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Depending on to which side of you your source is placed, the left-only cable connection will either be a plus or a possible nuisance. As a right-hander, having a cable only on the left ear of a headphone is perfectly fine with me. Oppo ships the PM-3 with both a 1.2 meter cable more suited towards portable use and a 3 meter cable, a nice touch that adds flexibility. Integrated mic and phone controls are built into the 1.2 meter cable and you are offered your choice of an iOS or Android compatible version.

At 102 dB and 26 Ohm, the Oppo PM-3 are easy to drive, especially for a planar magnetic design. For comparison, the HiFiMAN HE-400i are 93 dB and a nominal impedance of 35 Ohms. Powering the Oppo PM-3 directly off a smartphone is a reality and they sound great, but they are capable of so much more. Pairing these with a high-end portable or desktop headphone amp like the Oppo HA-2, produces astonishingly good sound quality at this price level. I have never heard a closed-back headphone sound this good before, let alone one for $399. I can plug them directly into my iPhone and listen with contentment, or I can plug them into the HA-2 and drift away into a blissful state of sonic brilliance. Heck, I can even plug them into a desktop headphone amp like the Burson Soloist or Auralic Taurus and the Oppo PM-3 will perform on an even higher level. The high-resolution and transparency of the Oppo PM-3 allow the listener to experiment with different amps and DACs and hear the differences.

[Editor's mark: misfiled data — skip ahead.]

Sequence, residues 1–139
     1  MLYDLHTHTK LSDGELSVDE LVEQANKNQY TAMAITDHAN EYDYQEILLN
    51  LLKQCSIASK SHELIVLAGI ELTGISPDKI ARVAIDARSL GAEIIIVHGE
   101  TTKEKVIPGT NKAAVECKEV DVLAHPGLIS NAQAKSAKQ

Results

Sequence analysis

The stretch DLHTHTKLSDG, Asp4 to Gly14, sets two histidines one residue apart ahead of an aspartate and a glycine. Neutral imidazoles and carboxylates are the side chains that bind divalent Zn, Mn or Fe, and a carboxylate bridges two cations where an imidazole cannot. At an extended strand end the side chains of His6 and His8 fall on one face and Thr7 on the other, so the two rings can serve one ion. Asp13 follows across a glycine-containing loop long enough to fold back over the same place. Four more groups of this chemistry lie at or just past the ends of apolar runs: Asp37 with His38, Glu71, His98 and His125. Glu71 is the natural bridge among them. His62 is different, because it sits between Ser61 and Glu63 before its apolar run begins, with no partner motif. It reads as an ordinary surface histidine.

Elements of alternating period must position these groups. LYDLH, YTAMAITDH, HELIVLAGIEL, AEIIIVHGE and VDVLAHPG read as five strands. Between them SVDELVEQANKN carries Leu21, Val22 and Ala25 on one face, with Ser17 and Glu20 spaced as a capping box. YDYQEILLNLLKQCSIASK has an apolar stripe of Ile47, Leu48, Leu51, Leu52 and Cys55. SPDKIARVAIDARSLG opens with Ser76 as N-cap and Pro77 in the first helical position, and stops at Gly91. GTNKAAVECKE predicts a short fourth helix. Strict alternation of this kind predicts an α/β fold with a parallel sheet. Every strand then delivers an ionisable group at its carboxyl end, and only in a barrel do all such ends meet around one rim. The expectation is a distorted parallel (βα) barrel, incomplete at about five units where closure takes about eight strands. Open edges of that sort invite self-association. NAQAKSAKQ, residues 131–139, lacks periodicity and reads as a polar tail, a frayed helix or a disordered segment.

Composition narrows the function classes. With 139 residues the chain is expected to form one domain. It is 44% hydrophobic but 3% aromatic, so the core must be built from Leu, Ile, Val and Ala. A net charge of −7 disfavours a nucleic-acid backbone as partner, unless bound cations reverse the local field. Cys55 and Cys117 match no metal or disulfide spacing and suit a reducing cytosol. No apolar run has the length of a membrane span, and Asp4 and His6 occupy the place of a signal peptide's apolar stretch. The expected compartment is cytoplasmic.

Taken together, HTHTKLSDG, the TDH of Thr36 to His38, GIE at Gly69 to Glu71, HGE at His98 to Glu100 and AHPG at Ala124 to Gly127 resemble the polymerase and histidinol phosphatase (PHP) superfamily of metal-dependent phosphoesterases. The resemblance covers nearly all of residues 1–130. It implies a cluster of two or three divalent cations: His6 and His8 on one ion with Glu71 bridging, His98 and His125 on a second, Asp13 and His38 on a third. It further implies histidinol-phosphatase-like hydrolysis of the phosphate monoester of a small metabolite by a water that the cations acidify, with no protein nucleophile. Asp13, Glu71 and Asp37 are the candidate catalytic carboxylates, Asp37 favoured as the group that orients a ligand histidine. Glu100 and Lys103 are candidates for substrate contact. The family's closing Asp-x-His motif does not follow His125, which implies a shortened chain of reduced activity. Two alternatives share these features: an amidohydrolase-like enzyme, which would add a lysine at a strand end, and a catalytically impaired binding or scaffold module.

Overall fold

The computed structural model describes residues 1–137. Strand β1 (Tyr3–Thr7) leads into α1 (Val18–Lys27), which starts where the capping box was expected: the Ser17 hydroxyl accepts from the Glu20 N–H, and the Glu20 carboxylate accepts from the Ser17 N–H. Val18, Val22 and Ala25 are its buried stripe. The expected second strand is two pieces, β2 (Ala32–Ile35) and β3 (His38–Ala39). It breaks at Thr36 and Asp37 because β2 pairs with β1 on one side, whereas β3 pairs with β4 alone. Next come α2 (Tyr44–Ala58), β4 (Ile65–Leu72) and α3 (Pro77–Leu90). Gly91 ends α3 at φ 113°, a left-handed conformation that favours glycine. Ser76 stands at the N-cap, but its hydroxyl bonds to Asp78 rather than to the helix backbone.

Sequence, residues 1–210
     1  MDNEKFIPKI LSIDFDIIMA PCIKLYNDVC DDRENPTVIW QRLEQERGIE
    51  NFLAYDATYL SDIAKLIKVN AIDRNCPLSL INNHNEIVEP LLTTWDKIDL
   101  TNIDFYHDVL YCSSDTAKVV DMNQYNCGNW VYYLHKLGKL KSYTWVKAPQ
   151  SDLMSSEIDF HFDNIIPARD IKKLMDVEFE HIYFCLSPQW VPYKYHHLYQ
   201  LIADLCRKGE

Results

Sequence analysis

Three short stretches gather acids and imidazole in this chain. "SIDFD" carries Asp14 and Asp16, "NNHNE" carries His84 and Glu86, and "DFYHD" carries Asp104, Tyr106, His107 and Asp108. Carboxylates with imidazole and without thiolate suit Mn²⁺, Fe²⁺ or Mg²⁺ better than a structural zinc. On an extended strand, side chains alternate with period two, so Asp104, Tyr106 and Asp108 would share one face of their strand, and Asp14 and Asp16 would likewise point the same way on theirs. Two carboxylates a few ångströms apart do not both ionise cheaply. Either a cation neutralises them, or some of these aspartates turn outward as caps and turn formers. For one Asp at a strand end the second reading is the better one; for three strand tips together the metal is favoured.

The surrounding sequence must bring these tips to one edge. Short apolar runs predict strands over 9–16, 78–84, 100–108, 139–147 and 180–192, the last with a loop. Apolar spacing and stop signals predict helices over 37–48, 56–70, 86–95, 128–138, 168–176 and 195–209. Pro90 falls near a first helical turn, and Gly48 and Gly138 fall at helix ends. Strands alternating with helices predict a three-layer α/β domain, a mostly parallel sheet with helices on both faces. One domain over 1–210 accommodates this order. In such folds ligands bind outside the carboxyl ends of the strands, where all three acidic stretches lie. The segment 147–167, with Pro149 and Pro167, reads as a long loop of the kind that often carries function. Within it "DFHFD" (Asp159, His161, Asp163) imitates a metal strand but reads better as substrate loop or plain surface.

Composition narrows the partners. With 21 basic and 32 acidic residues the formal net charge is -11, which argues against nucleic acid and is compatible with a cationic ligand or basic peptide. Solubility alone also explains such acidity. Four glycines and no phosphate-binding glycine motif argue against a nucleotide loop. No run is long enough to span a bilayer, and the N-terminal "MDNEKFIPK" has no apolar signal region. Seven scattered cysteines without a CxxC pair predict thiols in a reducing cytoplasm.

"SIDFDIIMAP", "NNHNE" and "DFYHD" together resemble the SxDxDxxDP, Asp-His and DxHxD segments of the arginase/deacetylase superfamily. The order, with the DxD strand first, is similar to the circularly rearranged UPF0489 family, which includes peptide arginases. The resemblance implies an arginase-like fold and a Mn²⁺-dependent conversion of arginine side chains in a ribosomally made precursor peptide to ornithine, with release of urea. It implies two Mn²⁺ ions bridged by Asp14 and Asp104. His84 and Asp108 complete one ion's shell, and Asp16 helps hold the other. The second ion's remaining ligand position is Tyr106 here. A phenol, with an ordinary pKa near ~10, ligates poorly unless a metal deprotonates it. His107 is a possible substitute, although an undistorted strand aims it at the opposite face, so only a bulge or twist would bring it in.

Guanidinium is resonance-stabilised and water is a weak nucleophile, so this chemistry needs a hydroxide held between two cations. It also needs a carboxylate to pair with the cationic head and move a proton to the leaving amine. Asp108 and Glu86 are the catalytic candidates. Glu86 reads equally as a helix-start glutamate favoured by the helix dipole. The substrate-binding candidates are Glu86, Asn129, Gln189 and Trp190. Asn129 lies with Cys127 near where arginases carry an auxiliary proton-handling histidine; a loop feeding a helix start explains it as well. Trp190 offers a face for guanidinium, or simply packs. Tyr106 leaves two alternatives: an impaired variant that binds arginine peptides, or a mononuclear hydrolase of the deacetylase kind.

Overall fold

Class Leading Performance

Oppo has done a terrific job engineering a closed-back planar magnetic headphone. The work put into the tiny vents on the back of the headphones and internal damping have yielded a very musical and open sound. Pink Floyd’s Dark Side of the Moon does a fine job of demonstrating the spacious soundstage of the PM-3. The clocks on “Time” are scattered around your head in a wider and deeper virtual space than most closed-back designs produce. As the song progresses, the strong bass notes have ample presence and weight. The vocals by Gilmour and Wright are clear and concise without a hint of sibilance. Another great soundstage example is on the soundtrack for We Bought a Zoo. The track “Brambles” features a wide and deep acoustic space and the Oppo PM-3 capturers this with excellent transparency. As good as the Oppo PM-3 sounds, the Hifiman HE-400i does edge it out in the areas of soundstage and overall detail. The veil-lifting transparency of the HE-400i allow me to better visualize the performers and instruments. The low end is more prominent on the Oppo PM-3 than the HE-400i, but the HiFiMAN’s are able to resolve more texture and detail in the bass. Again though, the HE-400i are not as easy to drive as the Oppo PM-3, allowing the Oppo PM-3 to perform better in a portable setup.